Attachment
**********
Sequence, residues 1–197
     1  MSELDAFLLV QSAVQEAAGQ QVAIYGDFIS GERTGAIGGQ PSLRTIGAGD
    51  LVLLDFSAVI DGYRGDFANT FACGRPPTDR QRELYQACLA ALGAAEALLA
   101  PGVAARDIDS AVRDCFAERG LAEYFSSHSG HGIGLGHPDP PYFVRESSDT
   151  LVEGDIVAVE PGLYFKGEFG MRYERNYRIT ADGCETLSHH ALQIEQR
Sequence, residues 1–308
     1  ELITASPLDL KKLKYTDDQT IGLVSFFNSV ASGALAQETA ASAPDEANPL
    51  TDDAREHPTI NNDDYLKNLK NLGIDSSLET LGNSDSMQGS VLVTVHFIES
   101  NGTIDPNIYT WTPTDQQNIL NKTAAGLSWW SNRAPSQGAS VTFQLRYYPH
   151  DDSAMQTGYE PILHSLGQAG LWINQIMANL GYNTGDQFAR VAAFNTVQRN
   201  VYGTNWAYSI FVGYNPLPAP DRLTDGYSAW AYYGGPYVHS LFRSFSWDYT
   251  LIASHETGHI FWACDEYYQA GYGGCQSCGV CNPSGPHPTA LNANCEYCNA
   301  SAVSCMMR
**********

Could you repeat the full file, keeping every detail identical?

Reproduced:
Sequence, residues 1–197
     1  MSELDAFLLV QSAVQEAAGQ QVAIYGDFIS GERTGAIGGQ PSLRTIGAGD
    51  LVLLDFSAVI DGYRGDFANT FACGRPPTDR QRELYQACLA ALGAAEALLA
   101  PGVAARDIDS AVRDCFAERG LAEYFSSHSG HGIGLGHPDP PYFVRESSDT
   151  LVEGDIVAVE PGLYFKGEFG MRYERNYRIT ADGCETLSHH ALQIEQR
Sequence, residues 1–308
     1  ELITASPLDL KKLKYTDDQT IGLVSFFNSV ASGALAQETA ASAPDEANPL
    51  TDDAREHPTI NNDDYLKNLK NLGIDSSLET LGNSDSMQGS VLVTVHFIES
   101  NGTIDPNIYT WTPTDQQNIL NKTAAGLSWW SNRAPSQGAS VTFQLRYYPH
   151  DDSAMQTGYE PILHSLGQAG LWINQIMANL GYNTGDQFAR VAAFNTVQRN
   201  VYGTNWAYSI FVGYNPLPAP DRLTDGYSAW AYYGGPYVHS LFRSFSWDYT
   251  LIASHETGHI FWACDEYYQA GYGGCQSCGV CNPSGPHPTA LNANCEYCNA
   301  SAVSCMMR